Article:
What motivates you to work hard?
On one end, I like to see my work be used for the betterment of our communities – I like to think of what I do as a reflection of my character. Every project, research article or community service that I provide will be used by someone at some point; how could I not deliver my 100 per cent with this in mind? Our work is there to help others, I strive to help them the best that I can! On the other end, I always want to make my family proud of what I do, which leads me to do my 110 per cent. I would not be the person that I am today without the sacrifices and support that I have received from my relatives and loved ones. Working hard is the very least that I can do.
Who is your favourite professor?
I have been extremely fortunate to have taken many diverse courses in many disciplines throughout the years with dedicated professors. Tracy Wong, the previous conductor for the McMaster University Choir, led me to believe in my artistic abilities and to tackle the world with flexibility but with vigour, much like in a performance. Alison Holloway, my academic supervisor, has led me to become the researcher that I am today; words alone are not enough to show how grateful I am for her guidance and genuine care during my undergraduate and graduate years under her supervision in her lab.
If you could live anywhere in the world for a year, where would it be and why?
I would love to live in Japan and learn from its culture and traditions. Apart from being encouraged to learn the language further by living there, Japan’s customs are unique and quite different compared to those of the Western world; further, Japan’s biotechnology and biomedical research industry is very advanced. I would love to learn from Japan’s citizens regarding these advancements and their society as a whole.
While at Mac, did you receive donor-funded financial assistance (e.g., a scholarship, award, bursary)? Any thoughts on the importance of giving back to your alma mater to support future generations?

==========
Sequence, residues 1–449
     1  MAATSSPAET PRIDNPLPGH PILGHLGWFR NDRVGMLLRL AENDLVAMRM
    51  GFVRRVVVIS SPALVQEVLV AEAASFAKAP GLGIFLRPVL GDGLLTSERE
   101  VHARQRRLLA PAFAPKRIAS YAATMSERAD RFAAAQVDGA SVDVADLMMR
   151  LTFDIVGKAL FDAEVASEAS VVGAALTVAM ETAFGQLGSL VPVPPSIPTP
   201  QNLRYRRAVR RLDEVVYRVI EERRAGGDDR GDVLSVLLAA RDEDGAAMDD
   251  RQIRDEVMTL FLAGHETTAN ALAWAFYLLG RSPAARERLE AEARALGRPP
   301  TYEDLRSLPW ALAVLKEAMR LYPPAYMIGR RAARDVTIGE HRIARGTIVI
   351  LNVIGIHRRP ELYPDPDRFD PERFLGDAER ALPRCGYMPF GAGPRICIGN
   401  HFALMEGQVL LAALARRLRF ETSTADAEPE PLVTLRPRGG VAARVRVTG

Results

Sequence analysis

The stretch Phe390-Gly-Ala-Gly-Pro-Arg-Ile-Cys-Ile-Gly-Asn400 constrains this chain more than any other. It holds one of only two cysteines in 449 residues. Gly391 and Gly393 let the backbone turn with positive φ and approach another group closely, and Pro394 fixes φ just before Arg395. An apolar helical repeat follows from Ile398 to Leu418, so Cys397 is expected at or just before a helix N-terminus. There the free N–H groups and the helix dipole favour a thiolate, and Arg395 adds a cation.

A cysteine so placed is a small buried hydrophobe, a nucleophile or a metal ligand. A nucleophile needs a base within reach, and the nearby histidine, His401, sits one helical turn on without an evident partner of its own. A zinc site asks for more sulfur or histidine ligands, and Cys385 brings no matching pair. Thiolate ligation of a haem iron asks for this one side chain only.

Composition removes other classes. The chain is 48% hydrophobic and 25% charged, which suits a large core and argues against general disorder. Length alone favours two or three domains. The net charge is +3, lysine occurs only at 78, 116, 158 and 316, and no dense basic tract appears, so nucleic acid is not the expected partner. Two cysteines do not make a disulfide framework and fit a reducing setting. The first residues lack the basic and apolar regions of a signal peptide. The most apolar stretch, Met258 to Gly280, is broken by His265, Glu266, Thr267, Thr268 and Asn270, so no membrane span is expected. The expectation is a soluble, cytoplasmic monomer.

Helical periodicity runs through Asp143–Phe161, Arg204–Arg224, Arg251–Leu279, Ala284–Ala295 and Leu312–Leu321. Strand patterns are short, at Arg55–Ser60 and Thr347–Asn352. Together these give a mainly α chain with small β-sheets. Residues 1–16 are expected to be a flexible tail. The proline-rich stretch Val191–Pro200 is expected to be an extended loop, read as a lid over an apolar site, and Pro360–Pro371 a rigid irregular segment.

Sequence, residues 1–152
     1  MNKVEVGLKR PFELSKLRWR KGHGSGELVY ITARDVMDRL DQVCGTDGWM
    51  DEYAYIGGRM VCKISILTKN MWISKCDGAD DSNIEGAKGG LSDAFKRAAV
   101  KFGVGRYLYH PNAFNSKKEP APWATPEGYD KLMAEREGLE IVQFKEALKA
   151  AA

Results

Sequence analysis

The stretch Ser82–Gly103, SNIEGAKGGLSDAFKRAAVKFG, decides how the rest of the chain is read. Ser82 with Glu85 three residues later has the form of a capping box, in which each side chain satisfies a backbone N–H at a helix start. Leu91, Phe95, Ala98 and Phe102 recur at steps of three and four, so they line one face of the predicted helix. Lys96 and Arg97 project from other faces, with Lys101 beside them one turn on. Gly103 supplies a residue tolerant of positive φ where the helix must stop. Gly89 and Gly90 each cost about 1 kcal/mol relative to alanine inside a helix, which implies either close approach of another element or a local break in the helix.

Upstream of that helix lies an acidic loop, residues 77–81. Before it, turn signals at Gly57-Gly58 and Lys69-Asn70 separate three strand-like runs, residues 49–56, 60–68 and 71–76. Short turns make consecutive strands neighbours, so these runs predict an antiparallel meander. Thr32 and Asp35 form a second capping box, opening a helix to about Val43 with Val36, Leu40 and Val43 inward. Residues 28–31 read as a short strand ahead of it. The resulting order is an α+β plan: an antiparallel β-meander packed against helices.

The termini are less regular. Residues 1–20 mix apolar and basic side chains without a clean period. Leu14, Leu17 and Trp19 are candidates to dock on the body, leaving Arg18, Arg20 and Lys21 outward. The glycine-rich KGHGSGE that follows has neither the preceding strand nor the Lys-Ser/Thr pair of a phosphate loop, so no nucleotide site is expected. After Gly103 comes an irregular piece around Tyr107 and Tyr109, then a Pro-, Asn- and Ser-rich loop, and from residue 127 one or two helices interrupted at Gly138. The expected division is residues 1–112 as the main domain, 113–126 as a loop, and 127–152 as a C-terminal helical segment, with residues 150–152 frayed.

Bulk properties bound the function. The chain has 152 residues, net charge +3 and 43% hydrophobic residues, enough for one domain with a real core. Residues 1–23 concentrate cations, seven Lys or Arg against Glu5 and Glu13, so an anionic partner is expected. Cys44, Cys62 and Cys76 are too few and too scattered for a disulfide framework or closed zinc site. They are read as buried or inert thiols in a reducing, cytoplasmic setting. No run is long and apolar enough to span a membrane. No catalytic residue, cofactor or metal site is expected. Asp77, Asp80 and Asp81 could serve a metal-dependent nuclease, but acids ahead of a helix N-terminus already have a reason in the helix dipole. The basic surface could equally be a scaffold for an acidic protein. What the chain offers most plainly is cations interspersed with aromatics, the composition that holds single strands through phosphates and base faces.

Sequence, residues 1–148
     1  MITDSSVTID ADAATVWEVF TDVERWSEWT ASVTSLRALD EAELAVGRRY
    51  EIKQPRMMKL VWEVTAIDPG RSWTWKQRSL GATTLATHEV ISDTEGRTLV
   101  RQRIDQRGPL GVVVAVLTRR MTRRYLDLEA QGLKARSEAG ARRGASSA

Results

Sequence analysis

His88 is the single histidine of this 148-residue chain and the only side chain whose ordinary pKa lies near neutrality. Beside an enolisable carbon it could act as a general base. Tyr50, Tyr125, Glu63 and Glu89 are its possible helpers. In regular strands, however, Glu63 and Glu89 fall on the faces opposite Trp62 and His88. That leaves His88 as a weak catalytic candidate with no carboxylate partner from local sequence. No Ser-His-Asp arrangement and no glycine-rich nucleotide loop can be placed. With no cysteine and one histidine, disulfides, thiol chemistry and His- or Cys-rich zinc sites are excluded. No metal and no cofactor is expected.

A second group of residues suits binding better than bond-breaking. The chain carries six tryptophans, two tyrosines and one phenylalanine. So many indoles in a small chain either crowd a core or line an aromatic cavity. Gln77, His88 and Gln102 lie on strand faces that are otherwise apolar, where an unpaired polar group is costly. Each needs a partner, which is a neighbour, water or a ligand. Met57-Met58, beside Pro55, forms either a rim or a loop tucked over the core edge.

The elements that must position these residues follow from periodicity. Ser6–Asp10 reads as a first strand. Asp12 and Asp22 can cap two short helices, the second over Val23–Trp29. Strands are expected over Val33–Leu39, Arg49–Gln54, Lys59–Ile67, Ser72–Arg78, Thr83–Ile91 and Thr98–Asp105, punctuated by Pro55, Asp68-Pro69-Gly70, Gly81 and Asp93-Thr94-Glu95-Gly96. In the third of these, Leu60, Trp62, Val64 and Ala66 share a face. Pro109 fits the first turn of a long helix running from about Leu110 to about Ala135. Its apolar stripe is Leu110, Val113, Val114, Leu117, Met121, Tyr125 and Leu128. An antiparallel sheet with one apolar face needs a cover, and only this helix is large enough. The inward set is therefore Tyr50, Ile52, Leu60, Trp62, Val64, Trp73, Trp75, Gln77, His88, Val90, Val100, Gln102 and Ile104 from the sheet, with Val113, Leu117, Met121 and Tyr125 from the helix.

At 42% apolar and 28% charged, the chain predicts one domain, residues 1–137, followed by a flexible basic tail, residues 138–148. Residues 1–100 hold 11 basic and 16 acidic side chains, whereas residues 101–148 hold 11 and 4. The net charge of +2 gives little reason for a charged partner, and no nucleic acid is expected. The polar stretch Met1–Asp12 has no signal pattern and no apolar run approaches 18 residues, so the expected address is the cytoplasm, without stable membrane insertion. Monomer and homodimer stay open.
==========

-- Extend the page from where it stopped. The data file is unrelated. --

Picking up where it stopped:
I was blessed to receive the Alexander Graham Bell Canada Graduate Scholarship for the master’s level (CGS-M). As well, I was also funded by the Mitacs Accelerate Program, thanks to my industry partnership with Allarta Life Science Inc. during my MSc thesis.
In addition, during my undergraduate years, I was very fortunate of to be supported in athletic financial assistance through several awards sponsored by anonymous individuals for my commitment to the varsity cross-country and track & field programs at McMaster. I was also selected as Athlete of the Year at McMaster in 2018.
The support and funding that I have received have been instrumental in allowing me to do the things that I do – we truly rely on the generosity and support from these organizations and generous individuals. It is my hope that in the future I can also provide that same level of support to further generations in my alma mater, as I know the real impact that this funding provides to aid students in their quest for excellence in their education, and ultimately their impact on their communities.
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November 17, 2022
The Governor General’s Academic Gold Medal is awarded to a student who achieves the highest academic standing at the graduate level.
“I wanted to show [my daughters] that anything is possible — you can be a mom, you can get your MBA and you can work at a job that you are passionate about.”